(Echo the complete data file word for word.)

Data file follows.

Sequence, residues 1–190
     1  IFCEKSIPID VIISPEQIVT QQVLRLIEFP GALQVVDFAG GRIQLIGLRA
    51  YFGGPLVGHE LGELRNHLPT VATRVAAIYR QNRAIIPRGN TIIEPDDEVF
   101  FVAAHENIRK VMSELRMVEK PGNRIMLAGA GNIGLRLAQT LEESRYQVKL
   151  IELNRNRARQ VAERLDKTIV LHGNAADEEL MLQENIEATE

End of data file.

Sequence, residues 1–190
     1  IFCEKSIPID VIISPEQIVT QQVLRLIEFP GALQVVDFAG GRIQLIGLRA
    51  YFGGPLVGHE LGELRNHLPT VATRVAAIYR QNRAIIPRGN TIIEPDDEVF
   101  FVAAHENIRK VMSELRMVEK PGNRIMLAGA GNIGLRLAQT LEESRYQVKL
   151  IELNRNRARQ VAERLDKTIV LHGNAADEEL MLQENIEATE